19 Dec 2002
Los Angeles Times, November 10, 2001.
THE ANTHRAX THREAT
Likely Sent Anthrax, FBI Says
WASHINGTON -- The FBI is increasingly
convinced that the person behind the recent anthrax attacks is a lone wolf
within the United States who has no links to terrorist groups but is an
opportunist using the Sept. 11 hijackings to vent his rage, investigators said
Based on case studies, handwriting and linguistic analysis, forensic data and
other evidence, authorities do not believe at this point in their five-week
investigation that Osama bin Laden's Al Qaeda network was behind the anthrax
attacks, FBI officials said.
Instead, FBI investigators said at a news briefing that they are probably
looking for an adult male with at least limited scientific expertise who was
able to use laboratory equipment easily obtained for as little as $2,500 to
produce high-quality anthrax. FBI officials, in offering their most expansive
public assessment to date of their probe, are hoping that the rough profile they
have developed of the anthrax culprit could produce a redux of their 1996
capture of the infamous Unabomber.
In that case, an 18-year rampage of bombings led authorities to Theodore
Kaczynski only after his brother recognized his writing style in a lengthy
manifesto that was released publicly.
In the anthrax case, the FBI is hoping its portrait of the perpetrator--as an
antisocial loner with some peculiar mannerisms in his handwriting and
phrasing--will help lead them to whoever mailed at least three anthrax-laced
letters and killed four people.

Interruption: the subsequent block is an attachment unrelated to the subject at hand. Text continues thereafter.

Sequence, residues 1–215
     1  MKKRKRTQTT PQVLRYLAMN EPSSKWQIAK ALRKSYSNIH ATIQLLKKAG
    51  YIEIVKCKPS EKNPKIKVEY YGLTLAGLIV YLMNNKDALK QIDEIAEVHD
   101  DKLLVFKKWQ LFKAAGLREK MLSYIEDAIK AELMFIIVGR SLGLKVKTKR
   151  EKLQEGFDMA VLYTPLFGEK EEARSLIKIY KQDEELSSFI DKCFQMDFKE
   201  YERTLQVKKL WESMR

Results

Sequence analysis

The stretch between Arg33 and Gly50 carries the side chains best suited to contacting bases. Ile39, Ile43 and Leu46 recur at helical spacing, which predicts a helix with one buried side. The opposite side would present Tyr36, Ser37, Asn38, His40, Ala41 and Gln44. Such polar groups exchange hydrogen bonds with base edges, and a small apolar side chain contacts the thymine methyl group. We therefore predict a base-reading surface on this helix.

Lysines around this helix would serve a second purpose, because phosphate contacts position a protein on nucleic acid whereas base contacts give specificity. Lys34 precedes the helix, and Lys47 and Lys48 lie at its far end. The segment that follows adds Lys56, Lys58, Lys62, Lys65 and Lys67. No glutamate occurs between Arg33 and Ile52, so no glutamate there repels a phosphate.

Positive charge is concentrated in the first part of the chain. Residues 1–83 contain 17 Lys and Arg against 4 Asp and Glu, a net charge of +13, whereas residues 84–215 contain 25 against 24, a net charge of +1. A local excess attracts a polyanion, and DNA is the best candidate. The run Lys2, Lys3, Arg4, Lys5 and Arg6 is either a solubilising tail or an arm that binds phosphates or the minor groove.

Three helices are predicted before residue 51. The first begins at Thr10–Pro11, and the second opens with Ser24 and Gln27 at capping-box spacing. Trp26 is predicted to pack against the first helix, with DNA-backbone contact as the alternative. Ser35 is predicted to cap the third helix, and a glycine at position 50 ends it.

Authorities have offered $1.25 million in reward money, and leads from the
public "will play an integral role perhaps in identifying this individual," said
James R. Fitzgerald, an FBI profiler who worked on the Unabomber case.
Even as authorities sought the public's help, Homeland Security Director Thomas
J. Ridge acknowledged at the White House on Friday that progress in the probe
has been frustratingly slow. "We're still no closer to identifying specifically
the origin of the anthrax and / or the perpetrators of that challenge that's
confronted America," he said.
FBI officials acknowledge that psychological profiling, the stuff of "Silence of
the Lambs," is at best a rough science and it is not used often in soliciting
tips from the public. But they insist they may have some telltale signs to
follow by combining histories of serial bombers such as Kaczynski with
handwriting and chemical evidence from three anthrax-laced letters sent in
September and October to Senate Majority Leader Tom Daschle (D-S.D.), NBC anchor
Tom Brokaw and the New York Post.
Investigators suspect, for instance, that whoever mailed the anthrax has little
contact with the public and carries deep-seated resentments but does not like
The individual demonstrates the same tendencies as serial bombers, who "don't
really enjoy face-to-face confrontation with someone to iron out a problem. They
choose to do it long-distance," Fitzgerald said.
All three letters were postmarked from Trenton, N.J., but postal officials
indicated Friday that they no longer believe the letters were mailed from a
residential postal route in Ewing, N.J., just outside the Trenton city limits.
They have broadened their search to a wider region in the Trenton area, but FBI
officials said there is no assurance that whoever mailed the anthrax letters had
any direct connection to that area. Fitzgerald noted that Kaczynski traveled
1,500 miles by bus from Montana to San Francisco in order to send several
Investigators believe the anthrax attacker had at least a limited background in
science, is perhaps someone with a doctorate, a lab technician "or somewhere in
between," Fitzgerald said.